[T]he manner in which section 1154(a) is worded clearly evidences an intent to make available 10 days sick leave with full salary at any time during the school year, even though illness or accidential injury may befall a novice teacher during the first 10 days of the school year. Administratively, this interpretation means that each teacher should be credited with 10 days at the beginning of each school year, and deductions for sick leave taken thereafter should be made from the total amount accumulated.
Id. Official opinions issued by the Attorney General will be considered as authority but they are not binding on this court. Schell v. Eastern York School District, 92 Pa. Commonwealth Ct. 333, 500 A.2d 896 (1985), aff'd Pa. , 527 A.2d 532 (1987). We believe that the interpretation of the Attorney General is too strict and not required by the language of section 1154(a).
Initially, we note that the Attorney General was not asked about entitlement to annual sick leave when the teacher who was involuntarily disabled at the beginning of the school term chooses not to return to work after the disability ended. Secondly, section 1154(a) only requires that "in any school year" if the teacher is involuntarily disabled "the school district shall pay . . . for a period of ten days." There is no language in section 1154 on directing these 10 sick leave days to be credited absolutely to a teacher on the first day of the school year. The section states that any unused leave is cumulative. This as easily supports an interpretation that unused sick leave days for that year be added to accumulated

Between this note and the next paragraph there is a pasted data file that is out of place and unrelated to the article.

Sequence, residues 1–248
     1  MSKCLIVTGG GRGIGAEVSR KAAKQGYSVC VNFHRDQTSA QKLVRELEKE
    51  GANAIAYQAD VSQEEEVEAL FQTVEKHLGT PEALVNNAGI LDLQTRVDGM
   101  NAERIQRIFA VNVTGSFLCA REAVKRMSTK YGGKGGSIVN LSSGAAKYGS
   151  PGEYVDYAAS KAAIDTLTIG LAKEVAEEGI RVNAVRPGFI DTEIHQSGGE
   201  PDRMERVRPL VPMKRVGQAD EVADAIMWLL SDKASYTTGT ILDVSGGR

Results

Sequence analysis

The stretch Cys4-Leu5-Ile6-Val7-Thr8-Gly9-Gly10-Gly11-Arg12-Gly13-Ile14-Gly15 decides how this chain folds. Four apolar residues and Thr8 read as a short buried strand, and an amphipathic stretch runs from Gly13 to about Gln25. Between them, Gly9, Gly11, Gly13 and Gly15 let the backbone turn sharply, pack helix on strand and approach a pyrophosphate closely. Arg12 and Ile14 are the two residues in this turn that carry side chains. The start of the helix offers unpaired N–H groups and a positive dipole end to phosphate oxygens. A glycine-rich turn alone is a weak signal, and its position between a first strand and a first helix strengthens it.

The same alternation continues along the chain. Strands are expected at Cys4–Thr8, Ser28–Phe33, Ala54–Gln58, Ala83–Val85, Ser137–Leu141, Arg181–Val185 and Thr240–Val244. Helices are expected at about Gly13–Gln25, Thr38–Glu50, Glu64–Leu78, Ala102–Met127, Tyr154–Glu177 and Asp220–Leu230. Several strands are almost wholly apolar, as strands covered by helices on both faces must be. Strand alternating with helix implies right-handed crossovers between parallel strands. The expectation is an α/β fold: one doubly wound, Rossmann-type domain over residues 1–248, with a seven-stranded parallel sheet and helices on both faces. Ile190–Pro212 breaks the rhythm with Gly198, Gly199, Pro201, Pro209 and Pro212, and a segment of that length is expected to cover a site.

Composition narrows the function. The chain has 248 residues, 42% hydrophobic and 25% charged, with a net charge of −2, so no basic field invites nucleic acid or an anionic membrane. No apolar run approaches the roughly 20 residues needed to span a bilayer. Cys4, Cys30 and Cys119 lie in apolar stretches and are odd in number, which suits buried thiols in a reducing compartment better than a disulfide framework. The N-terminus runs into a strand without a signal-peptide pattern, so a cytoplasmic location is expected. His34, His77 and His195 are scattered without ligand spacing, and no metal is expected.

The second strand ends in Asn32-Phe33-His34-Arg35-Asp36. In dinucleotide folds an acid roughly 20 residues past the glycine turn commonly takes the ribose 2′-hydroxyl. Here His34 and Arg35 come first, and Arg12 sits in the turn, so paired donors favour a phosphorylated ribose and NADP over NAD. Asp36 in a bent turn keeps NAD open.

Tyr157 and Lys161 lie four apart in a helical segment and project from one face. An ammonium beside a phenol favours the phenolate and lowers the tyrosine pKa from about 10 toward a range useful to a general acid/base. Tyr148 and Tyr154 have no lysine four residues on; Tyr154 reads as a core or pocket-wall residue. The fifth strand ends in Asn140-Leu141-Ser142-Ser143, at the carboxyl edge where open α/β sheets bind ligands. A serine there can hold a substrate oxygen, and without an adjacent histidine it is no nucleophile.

[ 108 Pa. Commw. Page 89]
sick leave at the end of the school year as it does adding the 10 days at the beginning of the school year. We also note that section 1154(e) provides, in part, that "[a]ny board of school directors may adopt rules and regulations pertaining to the payment of salaries of employes when absent from duty, . . ."*fn2 (Emphasis added). The school district here has done no more than that with its proration policy for sick leave accrual.
Additionally, unconditional entitlement to annual sick leave conflicts with this court's decision in Schell. In that case, we held that teachers may not accrue annual sick leave while on sabbatical leave because section 1170 of the School Code*fn3 does not indicate that right is retained. Section 1166 of the School Code allows teachers to take sabbaticals a half year at a time.*fn4 If Petitioner's theory were the proper interpretation of section 1154(a), a teacher who took only the first half of a school year as a sabbatical would accrue no sick leave while one who took the second semester would accrue all 10 days.
[ 108 Pa. Commw. Page 90]
We conclude that there is no provision in the School Code requiring the 10 annual sick leave days, provided for by section 1154(a), to be credited to eligible employees on the first day of the school year. Teachers who voluntarily choose not to return to work after an involuntary disability has ended are not entitled to accrue sick leave for that portion of the school year in which they are voluntarily absent from work.
Accordingly, the order of the Secretary of Education is affirmed.
And Now, July 29, 1987, the order of the Secretary of Education in the above-captioned case is affirmed.